Some of the plot defies simple description, and some of the techniques are painful to endure as a viewer. First there is the whistling. Lafayette uses a referee's whistle to scare the rats, his eternal foes, away. He becomes so fond of it he begins to use it to communicate instead of dialogue. This is a bit of a mixed blessing, but I found it profoundly annoying. Along the same grating lines, the film features intermittent musical numbers, the less said of which the better: my only comment is that after the singing you will probably be glad to hear the whistle again. The film also incorporates many other cultural artifacts, mostly through Flaxman's wax museum dedicated to Roman antiquity. I actually enjoyed Coco's part in the film more than any of the other (human) actors, as he is passionate and intense, while still being loon crazy. In a tribute to the big government conspiracy theories so popular after Watergate, Flaxman is visited by a psychological agent from the government who wants him to modernize the look of the wax statues for a more modern time. He demonstrates how Caesar should be made to look like JFK, while Nero is made to look like Nixon in a bit of symbolism that's hard to miss. ("You put Nixon's head on Nero's body!") Nixon is also given a zither (it's not a fiddle anyway) of some sort to hold. This didn't surprise me, as Ferreri's Nixon predilection is seen in some of his other work as well. The film concludes in a genuinely dismaying manner, and careful observers might have seen it coming. In retrospect I should have, but didn't as by the time the ending rolled around I was a distinctly disinterested observer.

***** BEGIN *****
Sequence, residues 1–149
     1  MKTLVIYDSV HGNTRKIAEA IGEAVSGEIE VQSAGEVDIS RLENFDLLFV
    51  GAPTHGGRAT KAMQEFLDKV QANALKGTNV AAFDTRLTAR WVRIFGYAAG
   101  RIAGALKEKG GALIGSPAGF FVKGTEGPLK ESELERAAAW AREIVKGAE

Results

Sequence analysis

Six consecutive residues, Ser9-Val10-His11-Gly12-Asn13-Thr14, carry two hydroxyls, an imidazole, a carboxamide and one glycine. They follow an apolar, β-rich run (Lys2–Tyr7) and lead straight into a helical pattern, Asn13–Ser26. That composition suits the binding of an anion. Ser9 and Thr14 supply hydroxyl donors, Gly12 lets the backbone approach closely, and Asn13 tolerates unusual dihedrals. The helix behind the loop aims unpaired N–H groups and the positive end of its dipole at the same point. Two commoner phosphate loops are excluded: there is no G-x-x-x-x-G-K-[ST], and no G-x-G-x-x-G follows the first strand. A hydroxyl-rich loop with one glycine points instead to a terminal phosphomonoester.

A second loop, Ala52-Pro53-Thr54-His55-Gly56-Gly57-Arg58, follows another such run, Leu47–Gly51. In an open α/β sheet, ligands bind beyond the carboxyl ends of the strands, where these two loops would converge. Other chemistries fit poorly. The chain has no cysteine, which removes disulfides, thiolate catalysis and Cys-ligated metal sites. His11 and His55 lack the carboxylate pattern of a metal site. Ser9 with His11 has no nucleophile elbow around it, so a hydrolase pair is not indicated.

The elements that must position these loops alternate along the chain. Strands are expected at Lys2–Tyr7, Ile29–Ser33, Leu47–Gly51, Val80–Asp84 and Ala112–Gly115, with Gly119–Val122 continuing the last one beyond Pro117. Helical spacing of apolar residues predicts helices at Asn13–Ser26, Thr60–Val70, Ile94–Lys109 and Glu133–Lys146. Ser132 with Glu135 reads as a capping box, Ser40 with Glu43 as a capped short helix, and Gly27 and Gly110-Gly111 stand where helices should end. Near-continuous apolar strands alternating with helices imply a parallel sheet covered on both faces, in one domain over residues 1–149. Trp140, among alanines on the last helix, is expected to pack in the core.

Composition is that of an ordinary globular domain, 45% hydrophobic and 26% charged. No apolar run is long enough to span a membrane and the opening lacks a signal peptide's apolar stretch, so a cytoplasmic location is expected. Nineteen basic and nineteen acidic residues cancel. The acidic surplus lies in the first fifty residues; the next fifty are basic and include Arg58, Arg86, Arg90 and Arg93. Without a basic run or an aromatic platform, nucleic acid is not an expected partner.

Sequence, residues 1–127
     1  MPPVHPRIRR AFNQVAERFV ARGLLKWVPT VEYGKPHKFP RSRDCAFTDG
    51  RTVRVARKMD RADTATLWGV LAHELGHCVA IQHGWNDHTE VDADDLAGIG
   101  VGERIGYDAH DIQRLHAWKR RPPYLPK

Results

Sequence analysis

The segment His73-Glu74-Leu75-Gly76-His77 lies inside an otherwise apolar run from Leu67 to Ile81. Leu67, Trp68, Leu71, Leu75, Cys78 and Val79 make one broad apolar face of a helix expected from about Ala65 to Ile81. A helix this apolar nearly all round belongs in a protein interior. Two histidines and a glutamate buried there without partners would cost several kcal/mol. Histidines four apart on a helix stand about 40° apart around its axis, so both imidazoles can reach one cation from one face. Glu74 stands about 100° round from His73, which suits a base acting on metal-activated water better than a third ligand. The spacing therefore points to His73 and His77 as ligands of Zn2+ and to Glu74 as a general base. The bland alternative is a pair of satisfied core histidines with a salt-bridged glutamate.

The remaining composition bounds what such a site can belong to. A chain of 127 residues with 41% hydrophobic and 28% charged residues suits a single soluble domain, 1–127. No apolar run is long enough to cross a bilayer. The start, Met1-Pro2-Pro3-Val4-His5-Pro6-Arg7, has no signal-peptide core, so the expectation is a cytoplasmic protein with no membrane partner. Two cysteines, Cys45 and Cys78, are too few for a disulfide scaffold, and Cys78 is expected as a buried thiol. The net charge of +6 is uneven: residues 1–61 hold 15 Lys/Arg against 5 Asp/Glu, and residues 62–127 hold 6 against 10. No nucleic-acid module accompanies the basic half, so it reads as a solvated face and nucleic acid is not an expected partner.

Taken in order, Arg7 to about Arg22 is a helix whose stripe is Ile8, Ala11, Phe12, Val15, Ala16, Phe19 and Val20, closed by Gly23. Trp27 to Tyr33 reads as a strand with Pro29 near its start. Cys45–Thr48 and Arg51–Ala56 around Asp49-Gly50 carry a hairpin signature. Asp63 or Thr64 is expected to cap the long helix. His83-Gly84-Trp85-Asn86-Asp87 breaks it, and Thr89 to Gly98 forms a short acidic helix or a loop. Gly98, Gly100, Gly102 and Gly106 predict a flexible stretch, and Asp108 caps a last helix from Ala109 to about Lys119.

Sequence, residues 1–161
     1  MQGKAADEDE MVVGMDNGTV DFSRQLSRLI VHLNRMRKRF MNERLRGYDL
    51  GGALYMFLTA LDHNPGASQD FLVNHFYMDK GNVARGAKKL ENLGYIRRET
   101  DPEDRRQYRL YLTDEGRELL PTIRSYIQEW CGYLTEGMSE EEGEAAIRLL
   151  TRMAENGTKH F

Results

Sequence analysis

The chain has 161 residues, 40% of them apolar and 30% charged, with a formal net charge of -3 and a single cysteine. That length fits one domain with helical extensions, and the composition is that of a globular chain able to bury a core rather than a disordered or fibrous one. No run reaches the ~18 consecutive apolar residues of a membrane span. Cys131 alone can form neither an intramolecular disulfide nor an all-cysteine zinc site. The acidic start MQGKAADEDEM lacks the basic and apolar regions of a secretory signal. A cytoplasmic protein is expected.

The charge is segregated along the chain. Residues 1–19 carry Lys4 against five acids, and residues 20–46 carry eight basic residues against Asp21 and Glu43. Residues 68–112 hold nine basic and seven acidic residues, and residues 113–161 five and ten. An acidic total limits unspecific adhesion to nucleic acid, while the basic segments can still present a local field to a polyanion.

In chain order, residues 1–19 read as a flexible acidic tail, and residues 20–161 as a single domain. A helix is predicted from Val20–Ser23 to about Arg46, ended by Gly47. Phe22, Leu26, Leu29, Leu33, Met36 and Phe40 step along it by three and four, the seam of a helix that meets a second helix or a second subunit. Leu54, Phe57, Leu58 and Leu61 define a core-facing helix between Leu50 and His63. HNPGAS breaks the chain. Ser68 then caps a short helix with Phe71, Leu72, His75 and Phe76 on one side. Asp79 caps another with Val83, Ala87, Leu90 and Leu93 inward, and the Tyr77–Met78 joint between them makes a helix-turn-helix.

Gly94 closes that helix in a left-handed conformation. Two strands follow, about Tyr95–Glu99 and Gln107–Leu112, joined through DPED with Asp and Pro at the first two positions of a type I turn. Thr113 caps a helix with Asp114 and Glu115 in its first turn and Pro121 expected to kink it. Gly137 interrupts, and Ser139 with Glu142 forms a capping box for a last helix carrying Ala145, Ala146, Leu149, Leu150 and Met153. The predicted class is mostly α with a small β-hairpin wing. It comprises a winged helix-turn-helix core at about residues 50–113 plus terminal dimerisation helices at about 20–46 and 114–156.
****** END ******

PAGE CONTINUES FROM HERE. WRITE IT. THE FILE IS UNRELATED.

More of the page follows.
The DVD has a difficult menu to get to work correctly, and the disc didn't want to play on one of my DVD players at all. There is a bonus feature of a short snippet from the documentary "Marco Ferreri: The Director Who Came From The Future" included (other parts are scattered all over other works in his catalogue.) The image is fairly good for this vintage of film, and the photography is stunning. Imagery overcomes substance in many places (white gas masks, James Coco bursting into flames, etc.) and from a purely visual perspective the film is interesting. That the plot meanders all over creation and frequently approaches senselessness are its biggest problems, and while fans of 1970s surrealism, Ferreri, Depardieu, Mastroianni, or Coco may glean pleasure from it, "Bye Bye Monkey" is not a film for most viewers.